Thursday, 14 December 2017

Procrapstination


[proh-kraps-tuh-ney-shuh n, pruh‐] 
     noun
       1.
the act or habit of procrastinating and then turning around to notice that what you really need to do still hasn't been done, to the point that it is both startling and horrifying and you say out loud (again), "Oh crap!"

verb (used without object)procrapstinated,procrapstinating.
1.  to defer action; delay something craptastic that really really needs doing.

...Such was the state of my kitchen this morning:  The sink was full.  The drying rack was full.  The dishwasher was full.  The giant, obnoxiously lengthy countertops which would -- nay, should -- be a prep-chef's dream were covered (as usual) by a mess of school papers.  The only available prep space, two linear feet in front of the toaster, coffee maker and kettle, that is always, ALWAYS kept clear, was encumbered by the food processor, used measuring cups (both dry and liquid) and a splatter zone of molasses, flour, sugar, and other trappings of gingerbread.  The stove top held two trays of miniature gingerbread loaves.  

I can't breathe when I'm surrounded by clutter, which amuses/bemuses Fis, who thinks I should then just die and get it over with because he sees what our house always looks like.  BUT, the power of procrastination is strong in this one (remember the alphabet fiasco of 2010-2014?).  In my defence, I am one person against four (and a dog).  And each of these produce awe-inspiring amounts of art, notices, letters, invitations, and laundry.*

And I desperately "needed" to return two emails, send a few texts, and maybe tweet.

In times like this, I fall back on my project management training, which, if it has taught me (and Fis) nothing else, it has at least qualified me to run on the spot with my hands over my eyes, screeching, "Critical path!  What is the critical path?"

(Fis loves that.)

So, I started emptying the dishrack, then turned around to update my contacts so that I could find more people who use What'sApp.  This involved scrolling through my network, and adding +1 to about 20 phone numbers.  And then updating my profile photo.  And then turning around to see that my kitchen was somehow still a mess, despite it being 15 minutes later:  "oh crap".

I opened the dishwasher and took out three knives and a bowl, while thinking how lonely mornings are here, as none of my North American friends are up yet.**  Then I sent a tweet and responded to an email from the kids' school.  During this time, nobody finished emptying the bottom rack of the dishwasher!  Nor the top!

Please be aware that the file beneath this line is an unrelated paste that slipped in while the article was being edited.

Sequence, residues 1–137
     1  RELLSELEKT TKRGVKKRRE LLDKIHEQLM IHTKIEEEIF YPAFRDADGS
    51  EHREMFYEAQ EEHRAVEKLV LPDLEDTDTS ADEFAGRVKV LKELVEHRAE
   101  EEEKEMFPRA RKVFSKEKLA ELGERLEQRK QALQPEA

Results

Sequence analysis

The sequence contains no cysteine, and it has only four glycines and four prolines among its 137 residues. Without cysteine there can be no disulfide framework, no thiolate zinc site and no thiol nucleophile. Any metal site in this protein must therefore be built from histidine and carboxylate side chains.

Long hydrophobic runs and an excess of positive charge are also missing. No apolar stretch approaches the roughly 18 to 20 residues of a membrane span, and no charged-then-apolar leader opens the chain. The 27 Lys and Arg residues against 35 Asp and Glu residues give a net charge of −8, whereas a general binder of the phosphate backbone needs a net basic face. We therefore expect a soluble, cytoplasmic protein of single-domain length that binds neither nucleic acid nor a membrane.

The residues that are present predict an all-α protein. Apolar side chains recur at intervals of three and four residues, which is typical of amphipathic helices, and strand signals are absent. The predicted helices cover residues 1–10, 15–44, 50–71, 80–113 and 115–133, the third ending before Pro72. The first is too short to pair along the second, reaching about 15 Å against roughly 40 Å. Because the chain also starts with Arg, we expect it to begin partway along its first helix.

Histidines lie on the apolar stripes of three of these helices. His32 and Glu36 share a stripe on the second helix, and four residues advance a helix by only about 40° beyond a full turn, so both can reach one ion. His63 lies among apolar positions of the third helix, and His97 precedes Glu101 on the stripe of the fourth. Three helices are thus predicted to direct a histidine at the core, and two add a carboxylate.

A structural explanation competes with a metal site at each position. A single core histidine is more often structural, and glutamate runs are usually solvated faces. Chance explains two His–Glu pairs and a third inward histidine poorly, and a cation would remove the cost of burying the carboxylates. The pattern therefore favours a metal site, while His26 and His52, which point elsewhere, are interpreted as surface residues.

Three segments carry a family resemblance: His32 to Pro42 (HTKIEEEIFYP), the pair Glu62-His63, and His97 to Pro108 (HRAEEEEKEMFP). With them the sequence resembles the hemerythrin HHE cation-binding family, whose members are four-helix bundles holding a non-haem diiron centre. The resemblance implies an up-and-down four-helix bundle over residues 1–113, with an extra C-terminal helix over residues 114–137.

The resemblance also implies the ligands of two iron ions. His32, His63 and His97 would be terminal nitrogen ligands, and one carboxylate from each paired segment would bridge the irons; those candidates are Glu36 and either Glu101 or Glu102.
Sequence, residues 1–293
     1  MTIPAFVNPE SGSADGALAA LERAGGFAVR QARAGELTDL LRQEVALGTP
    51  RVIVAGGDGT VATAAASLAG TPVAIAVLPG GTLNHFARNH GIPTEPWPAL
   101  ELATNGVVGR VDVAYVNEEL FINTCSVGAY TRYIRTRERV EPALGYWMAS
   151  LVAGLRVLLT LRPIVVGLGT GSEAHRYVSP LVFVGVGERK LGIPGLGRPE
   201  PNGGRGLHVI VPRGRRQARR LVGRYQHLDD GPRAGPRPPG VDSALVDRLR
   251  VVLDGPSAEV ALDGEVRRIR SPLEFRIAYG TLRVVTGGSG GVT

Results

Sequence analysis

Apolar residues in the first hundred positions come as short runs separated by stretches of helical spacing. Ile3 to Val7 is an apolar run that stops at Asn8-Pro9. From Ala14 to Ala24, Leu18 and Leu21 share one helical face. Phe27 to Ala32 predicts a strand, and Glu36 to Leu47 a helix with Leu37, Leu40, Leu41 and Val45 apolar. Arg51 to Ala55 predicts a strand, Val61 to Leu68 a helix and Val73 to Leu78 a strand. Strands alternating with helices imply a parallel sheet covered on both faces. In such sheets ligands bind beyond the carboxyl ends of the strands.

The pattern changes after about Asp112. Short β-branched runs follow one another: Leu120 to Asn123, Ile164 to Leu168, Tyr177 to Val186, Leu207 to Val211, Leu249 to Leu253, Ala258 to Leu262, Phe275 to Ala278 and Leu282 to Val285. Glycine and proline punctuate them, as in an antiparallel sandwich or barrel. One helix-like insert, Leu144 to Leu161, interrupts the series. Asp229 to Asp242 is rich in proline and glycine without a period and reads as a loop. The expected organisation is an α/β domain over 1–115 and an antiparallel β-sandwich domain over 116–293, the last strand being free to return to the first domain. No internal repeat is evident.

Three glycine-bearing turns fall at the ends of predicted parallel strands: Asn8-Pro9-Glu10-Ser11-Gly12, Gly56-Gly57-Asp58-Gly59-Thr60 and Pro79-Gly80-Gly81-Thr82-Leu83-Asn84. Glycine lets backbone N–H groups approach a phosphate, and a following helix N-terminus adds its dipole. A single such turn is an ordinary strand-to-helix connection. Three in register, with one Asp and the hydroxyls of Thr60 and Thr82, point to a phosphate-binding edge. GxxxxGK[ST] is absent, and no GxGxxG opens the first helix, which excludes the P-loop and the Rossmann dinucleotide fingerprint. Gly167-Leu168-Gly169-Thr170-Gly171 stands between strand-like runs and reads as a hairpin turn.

Oh crap!

So, I finished the dishwasher, then went back to the dishrack, which still had to be fully emptied so that the still-wet plastics could be piled in there to dry, and started sorting through the vast expanse of possibly-but-probably-not important paper on the Ideal Prep Space section of the kitchen.  Imagine my shock and horror when I turned around to find that my counter was still a sticky mess, the sink was still full, and the cupboards had been left open.***

So, breakfast dishes went into the dishwasher, food processor components were washed and piled on top of the drying plastics, and the counter was wiped, with only 7 or 8 pauses to check email.  

Tadah!

...

...

Writing this up was absolutely necessary, because if I turn my head very slightly to the right, I see the pile of Christmas cards that are sitting there...that maybe I should have been writing instead this whole time.****

Oh, crap.





* I'm exaggerating, of course.  The dog only produces laundry from his wardrobe of festive jumpers and coats (rain and winter) and his blankets.  Very few invitations, and no art.  I'm not that crazy.  (Note:  no art of cultural or commercial value, anyway.)

** I'm fine, I promise:  this is after coming home from dog-parking (verb) or my running group.

*** Crap!

**** Let's just get this out there:  "writing" Christmas cards this year consists of "addressing the envelopes".  The printer lost the cards for over a week, so we're running a bit behind.  I normally like to include a personal note, or at least a signature, or at least at least an irritatingly-upbeat form letter, and I am so very ashamed of our cards this year.  Also, in the interests of full disclosure, Chris' Scottish heritage has rubbed off on me (see also, single-income family in X-tremely X-pensive City), so a lot of the cards will not be mailed until our arrival in Canada on the 26th,***** or even hand-delivered, thus saving a stamp or two.  

***** We will try to have some kind of "come see us!" afternoon at a restaurant or possibly even our still-for-rent house while we are back in town. (Bring your own chairs!) (And prospective tenants!)  Please reach out if you'll be around?






1 comment:

Jenny Ivany said...

Craptastic, I mean that was my life in a nutshell and glad I am not alone (except the city part, but then again island living makes me feel alone, so nevermind)

Favourite posts